When a judge reviews a law, Mikva said, he or she should focus on the intent of the legislative body — by examining hearings, debates and understanding amendments that passed and failed.

Judges are not supposed to make the law, he emphasized.

“That’s the purpose of the judicial-legislative interpretation — to do not what the judge thinks is best for the country but what the judge thinks the legislative body did,” he said.

Mikva believes he clung to that philosophy while on the bench. Though critics accused him of being an “activist judge” during his tenure from 1979 to 1994, he contends the more than 300 opinions indicate otherwise.

“There were many decisions that I wrote where I didn’t agree with the result,” he said. “But I felt constrained to come up with that result because that’s what the Supreme Court had said that’s what the Constitution and the law meant.”

Mikva did, however, get to issue some decisions that dovetailed with his reputation as a civil liberties champion.

In 1993, Mikva wrote an opinion that indirectly challenged the Pentagon’s ban on gay people openly serving in the military.

The case involved Naval Academy midshipman Joseph Steffan, who admitted to a superior that he was gay after an investigation into rumors about his sexual orientation. He was forced to resign six weeks before his 1987 graduation.

Writing for the three-judge panel, Mikva determined the Navy had violated the Constitution’s equal protection clause and treated Steffan differently based on his “thoughts and desires” rather than actual conduct. Mikva found the arguments used to exclude gays from the military were similar to those used in the 1940s against racial integration, primarily targeting black people from serving.

“The Constitution does not allow government to subordinate a class of persons simply because others do not like them,” he wrote, adding “America’s hallmark has been to judge people by what they do, and not by who they are. … It is fundamentally unjust to abort a most promising military career solely because of a truthful confession of a sexual preference different from that of the majority.”

A year later, after Mikva had left the court, the decision was reviewed en banc and overturned.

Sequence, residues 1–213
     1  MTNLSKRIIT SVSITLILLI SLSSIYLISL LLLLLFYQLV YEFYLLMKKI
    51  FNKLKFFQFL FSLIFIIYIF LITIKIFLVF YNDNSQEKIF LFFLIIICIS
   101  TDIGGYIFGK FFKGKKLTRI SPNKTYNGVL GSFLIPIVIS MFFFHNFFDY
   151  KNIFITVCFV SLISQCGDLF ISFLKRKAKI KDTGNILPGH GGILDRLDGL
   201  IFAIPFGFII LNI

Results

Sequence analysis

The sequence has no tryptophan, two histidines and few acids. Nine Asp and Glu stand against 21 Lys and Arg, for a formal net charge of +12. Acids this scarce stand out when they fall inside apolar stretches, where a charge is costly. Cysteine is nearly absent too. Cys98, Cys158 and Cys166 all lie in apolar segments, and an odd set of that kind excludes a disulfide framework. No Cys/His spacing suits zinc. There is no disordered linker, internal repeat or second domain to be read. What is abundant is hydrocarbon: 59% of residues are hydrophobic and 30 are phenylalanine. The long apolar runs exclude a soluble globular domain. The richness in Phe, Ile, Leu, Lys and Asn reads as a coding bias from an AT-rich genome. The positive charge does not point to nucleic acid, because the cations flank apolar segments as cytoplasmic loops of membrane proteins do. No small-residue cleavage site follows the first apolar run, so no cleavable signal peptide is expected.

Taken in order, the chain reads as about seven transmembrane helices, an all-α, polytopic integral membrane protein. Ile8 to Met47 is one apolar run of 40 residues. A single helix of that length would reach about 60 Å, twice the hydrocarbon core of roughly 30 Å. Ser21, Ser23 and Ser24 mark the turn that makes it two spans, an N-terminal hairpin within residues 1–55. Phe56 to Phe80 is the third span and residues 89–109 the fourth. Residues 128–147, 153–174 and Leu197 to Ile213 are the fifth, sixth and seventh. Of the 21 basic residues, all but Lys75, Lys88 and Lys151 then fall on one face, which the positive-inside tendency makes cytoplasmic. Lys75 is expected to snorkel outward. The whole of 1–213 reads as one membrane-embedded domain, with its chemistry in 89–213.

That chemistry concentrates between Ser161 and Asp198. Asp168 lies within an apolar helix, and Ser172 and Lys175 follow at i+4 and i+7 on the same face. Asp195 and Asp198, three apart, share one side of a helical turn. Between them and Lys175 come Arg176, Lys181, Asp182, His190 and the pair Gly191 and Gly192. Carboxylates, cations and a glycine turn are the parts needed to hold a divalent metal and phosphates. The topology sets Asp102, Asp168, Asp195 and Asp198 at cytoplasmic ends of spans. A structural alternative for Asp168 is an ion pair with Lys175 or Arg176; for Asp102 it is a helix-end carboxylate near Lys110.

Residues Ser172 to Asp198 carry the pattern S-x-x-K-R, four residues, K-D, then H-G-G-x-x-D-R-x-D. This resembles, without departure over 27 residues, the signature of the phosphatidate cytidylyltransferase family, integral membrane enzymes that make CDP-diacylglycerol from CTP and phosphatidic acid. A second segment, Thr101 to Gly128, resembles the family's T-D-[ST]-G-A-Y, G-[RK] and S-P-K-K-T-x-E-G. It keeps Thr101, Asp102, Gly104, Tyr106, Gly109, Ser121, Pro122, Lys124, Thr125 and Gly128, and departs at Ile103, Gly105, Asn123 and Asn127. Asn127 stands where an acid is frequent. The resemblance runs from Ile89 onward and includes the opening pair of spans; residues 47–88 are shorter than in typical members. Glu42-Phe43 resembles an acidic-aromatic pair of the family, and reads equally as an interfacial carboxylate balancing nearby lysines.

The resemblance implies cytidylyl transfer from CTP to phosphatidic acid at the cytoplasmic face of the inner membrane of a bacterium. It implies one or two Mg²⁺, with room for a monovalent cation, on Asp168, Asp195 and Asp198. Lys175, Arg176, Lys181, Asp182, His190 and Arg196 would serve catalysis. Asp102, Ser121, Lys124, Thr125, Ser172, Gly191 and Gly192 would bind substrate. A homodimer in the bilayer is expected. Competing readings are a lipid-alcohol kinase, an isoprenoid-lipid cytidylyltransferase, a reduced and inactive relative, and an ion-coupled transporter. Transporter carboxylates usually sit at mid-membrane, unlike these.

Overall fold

Other Mikva decisions attracted controversy, including a 1982 ruling overturning the Reagan administration’s move to no longer require car manufacturers to include seat belts and air bags in new vehicles. Insurance companies sued.

Mikva determined a federal agency needed a rational reason to justify reversing course on a policy passed by Congress. Here, he said, it hadn’t.

The Wall Street Journal wrote a blistering editorial under the headline “Air Bag Abner.”

“But the Supreme Court upheld me, and we kept seat belts and air bags,” he said. “I feel very proud to have been a part of a decision that has saved a lot of lives.”

Federal judges are insulated from such public criticism, he said, thanks to the appointment process that allows them to focus on the facts of a case without worrying about political influence and elections. He doesn’t believe judges should be elected.

“They’re supposed to protect the people who are the most unpopular in our society,” he said. “The idea that a judge is supposed to take this unpopular role and then supposed to run in a popular election just makes no sense.”

White House and home

After 15 years on the bench and four years as chief judge, Mikva was picked to be President Bill Clinton’s White House counsel in 1994. Although a federal judgeship is a lifetime appointment, rules require chief judges to step down at age 70. With only two years until that date, Mikva didn’t want to return to a regular judgeship.

But once he got to the White House, he was quickly reminded of the hectic pace of the executive and legislative branches.

“I was the oldest person in the White House,” he said. “I would get to office about 6 in the morning because our first meeting was at 7, and I’d stagger out of there by 8 or 9 at night — and I was the first one to leave.”

After an exhausting year, Mikva resigned in 1995.

Being part of all three branches of the federal government, he said, gave him an awareness of the complicated intricacy of the separation of powers. Mikva said the three branches “have to interact with each other, but they have to do it carefully.”

“The court shouldn’t get in the way of the legislature,” he said. “The president shouldn’t trump the legislature’s supreme power. They are the first branch of government.”